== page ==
Depending on the nature of your plan, you may also be charged exit fees for ending your contract early, and these should be factored in to your decision when looking to switch.

How do I exit my existing contract?

Upon commencing a new energy contract, your previous one will end. It would be beneficial to notify your energy company of your moving date and take note of this to ensure you get billed appropriately for the partial payment period.

If you are relocating your business and would like to keep your previous provider, contact a representative from your energy supplier.

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What is GreenPower?

Businesses, as well as residential homes, can access a variety of environmentally friendly energy options. Given the sheer volume of energy used in a large business, establishing a greener energy-use scheme for your business has the potential to offset the equivalent amount of fossil fuels from dozens, if not hundreds, of homes.

GreenPower is a government-certified, environmentally responsible energy scheme that allows you to purchase "green electricity", which is produced from renewable sources, and fit it into the system. You can purchase different portions of your electricity usage to commit to green electricity (including 100% of it), but this power isn't directly used to power your home. Instead, it is fed into the system. The GreenPower program is comparable to the Oxfam Unwrapped program where you can purchase a goat for charity.

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What do I do if I have a complaint about my provider?

First and foremost, it is a good idea to give your provider a call. Who to contact should be clear from your energy bill. Most, if not all, energy bills have a box with points of contact. If they are unable to address your concerns, ask who is able.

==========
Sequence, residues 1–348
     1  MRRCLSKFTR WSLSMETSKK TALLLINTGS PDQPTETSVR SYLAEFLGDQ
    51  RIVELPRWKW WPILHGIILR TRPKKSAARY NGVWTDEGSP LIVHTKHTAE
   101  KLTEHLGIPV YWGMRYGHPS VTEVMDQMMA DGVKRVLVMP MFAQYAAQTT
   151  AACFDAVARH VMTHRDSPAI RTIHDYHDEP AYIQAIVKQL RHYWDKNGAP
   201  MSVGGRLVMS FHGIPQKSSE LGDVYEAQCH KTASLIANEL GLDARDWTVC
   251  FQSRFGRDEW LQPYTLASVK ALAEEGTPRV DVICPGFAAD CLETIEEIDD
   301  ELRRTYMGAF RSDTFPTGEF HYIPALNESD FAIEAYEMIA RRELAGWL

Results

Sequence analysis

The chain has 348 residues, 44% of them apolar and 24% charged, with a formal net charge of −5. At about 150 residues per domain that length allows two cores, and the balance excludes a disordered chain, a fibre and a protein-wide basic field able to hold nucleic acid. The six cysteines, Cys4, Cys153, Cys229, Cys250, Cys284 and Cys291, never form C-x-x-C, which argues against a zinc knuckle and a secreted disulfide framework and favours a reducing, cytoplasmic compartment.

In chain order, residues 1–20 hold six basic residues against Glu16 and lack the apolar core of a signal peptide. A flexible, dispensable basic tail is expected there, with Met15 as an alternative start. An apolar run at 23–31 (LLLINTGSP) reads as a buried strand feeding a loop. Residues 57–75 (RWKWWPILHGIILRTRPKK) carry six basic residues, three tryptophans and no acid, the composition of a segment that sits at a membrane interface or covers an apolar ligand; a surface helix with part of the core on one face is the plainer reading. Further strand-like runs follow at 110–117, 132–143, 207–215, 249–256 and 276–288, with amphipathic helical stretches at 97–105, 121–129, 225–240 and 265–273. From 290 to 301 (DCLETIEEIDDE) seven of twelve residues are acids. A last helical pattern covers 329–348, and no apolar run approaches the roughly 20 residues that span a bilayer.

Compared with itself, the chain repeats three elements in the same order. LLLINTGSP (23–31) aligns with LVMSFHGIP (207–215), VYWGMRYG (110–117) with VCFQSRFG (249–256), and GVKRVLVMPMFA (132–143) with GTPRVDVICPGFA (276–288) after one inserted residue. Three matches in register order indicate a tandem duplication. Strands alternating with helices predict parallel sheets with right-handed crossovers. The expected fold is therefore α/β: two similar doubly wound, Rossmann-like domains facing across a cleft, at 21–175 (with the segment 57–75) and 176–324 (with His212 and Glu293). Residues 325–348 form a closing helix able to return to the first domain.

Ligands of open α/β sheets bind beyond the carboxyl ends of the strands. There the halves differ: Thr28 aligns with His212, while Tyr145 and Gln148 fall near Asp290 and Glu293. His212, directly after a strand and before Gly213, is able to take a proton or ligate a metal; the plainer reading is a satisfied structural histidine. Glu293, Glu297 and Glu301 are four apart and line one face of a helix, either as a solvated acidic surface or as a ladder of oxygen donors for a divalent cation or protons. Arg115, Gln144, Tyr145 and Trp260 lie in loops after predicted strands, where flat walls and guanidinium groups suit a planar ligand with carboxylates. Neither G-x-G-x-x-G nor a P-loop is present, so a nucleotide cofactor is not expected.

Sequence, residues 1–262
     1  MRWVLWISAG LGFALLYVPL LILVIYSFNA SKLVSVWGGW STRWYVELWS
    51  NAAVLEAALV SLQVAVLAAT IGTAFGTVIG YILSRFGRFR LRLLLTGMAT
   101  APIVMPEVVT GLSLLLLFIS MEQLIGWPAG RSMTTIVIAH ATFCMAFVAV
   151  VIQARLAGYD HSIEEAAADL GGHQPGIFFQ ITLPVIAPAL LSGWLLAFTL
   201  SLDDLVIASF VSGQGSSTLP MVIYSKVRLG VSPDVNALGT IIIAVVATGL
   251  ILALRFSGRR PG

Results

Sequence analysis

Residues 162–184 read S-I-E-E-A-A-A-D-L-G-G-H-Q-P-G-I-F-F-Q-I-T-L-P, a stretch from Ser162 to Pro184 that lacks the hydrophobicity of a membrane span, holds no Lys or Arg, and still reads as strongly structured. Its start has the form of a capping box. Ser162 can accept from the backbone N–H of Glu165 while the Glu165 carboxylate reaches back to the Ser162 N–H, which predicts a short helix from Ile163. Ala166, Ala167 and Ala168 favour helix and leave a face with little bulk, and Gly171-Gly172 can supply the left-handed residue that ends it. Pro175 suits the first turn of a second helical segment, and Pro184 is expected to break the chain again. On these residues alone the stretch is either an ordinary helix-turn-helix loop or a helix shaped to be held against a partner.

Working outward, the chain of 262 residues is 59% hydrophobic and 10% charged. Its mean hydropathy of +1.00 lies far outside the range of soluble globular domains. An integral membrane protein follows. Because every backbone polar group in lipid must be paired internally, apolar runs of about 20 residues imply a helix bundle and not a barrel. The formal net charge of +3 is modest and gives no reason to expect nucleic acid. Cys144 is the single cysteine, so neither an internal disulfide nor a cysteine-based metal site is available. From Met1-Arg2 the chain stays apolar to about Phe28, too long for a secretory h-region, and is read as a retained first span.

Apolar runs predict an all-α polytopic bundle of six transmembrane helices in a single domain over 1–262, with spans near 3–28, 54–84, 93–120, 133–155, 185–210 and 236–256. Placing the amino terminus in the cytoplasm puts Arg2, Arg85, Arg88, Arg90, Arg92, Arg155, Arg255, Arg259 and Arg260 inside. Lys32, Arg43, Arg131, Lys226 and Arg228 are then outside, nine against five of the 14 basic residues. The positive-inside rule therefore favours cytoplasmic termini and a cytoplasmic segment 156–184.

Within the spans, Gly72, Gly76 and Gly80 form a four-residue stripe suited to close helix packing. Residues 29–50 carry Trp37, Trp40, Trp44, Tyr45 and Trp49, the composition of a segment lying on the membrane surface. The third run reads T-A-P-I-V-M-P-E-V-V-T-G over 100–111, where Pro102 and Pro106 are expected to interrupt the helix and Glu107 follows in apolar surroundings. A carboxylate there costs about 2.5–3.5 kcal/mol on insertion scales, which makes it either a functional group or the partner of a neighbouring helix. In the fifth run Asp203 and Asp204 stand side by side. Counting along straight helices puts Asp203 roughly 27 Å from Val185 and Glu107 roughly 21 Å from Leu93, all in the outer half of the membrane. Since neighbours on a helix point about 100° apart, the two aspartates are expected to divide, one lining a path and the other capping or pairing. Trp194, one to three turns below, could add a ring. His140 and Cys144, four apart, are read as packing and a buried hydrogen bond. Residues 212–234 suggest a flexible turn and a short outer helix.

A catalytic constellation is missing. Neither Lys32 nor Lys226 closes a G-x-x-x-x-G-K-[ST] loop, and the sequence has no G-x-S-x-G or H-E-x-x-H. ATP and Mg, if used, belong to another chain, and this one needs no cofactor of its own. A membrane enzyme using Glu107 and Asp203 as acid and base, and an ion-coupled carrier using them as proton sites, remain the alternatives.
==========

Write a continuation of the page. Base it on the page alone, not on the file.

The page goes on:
If neither of these two groups can resolve your issue, the next step is to contact your state energy ombudsman. Ombudsmen are responsible for resolving a wide range of issues and will describe the correct course of action. When first contacting your ombudsman, you will need to get together some details: Who you are, who your supplier is, your details, the issue and your ideal resolution to that issue. When providing the latter two points, try and make it concise and logical. Keep every document or piece of evidence pertinent to the case and have this information on hand while dealing with the ombudsman.

Powering Your Business

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How do I read my bill?

The bills for small businesses are almost identical to those of residential plans. However, bills for a big business have much more information. These bills breakdown where the costs for your bill come from and what your tariffs are going towards. There is information about tax and energy losses due to resistance in the system and information about how to compensate for price in other areas. There are often informative depictions of pollution, including the average state and national production of carbon emissions. We've broken down how to read your bill to help you interpret all the details.

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What is the difference between accumulation, interval and smart meters?

  • Accumulation. This meter records your total electricity usage, with no information regarding time of use (e.g. peak vs off-peak). A retail employee must physically read these meters on a periodic basis.
  • Interval. Interval meters measure your electricity usage at set intervals, such as every 30 minutes. This allows your retailer to charge you the appropriate amount based on time of use. The cost is usually cheaper for off-peak times and more expensive for peak times. These units must also be read manually.
  • Smart. Where the previous two meters involve estimations on your usage, smart meters measure your actual usage. They also establish a wireless communication feed between your unit and your energy provider. This negates the need for a reader to come to your property to connect, disconnect or read your electricity engagement. Further, it can optimise "feed-in" processes where residents with solar panels direct excess electricity back into the grid. The resident can access and read the smart meter's information to find out how and when they can reduce their power consumption.
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How do I save energy around the workplace?

  1. Switch off computers, printers and faxes when you can. Many machines are left on causing large amounts of unnecessary drain.
  2. Install automatic light switches and fans for bathrooms and other rooms that don’t need constant lighting/services.
  3. Move hot items from cool places and cool items from hot places. For example, don’t place your fridge and oven next to each other and keep your heaters away from your windows.
  4. Close doors and don’t bother to heat or cool unoccupied rooms.
  5. For more helpful tips, check out our energy-saving tricks.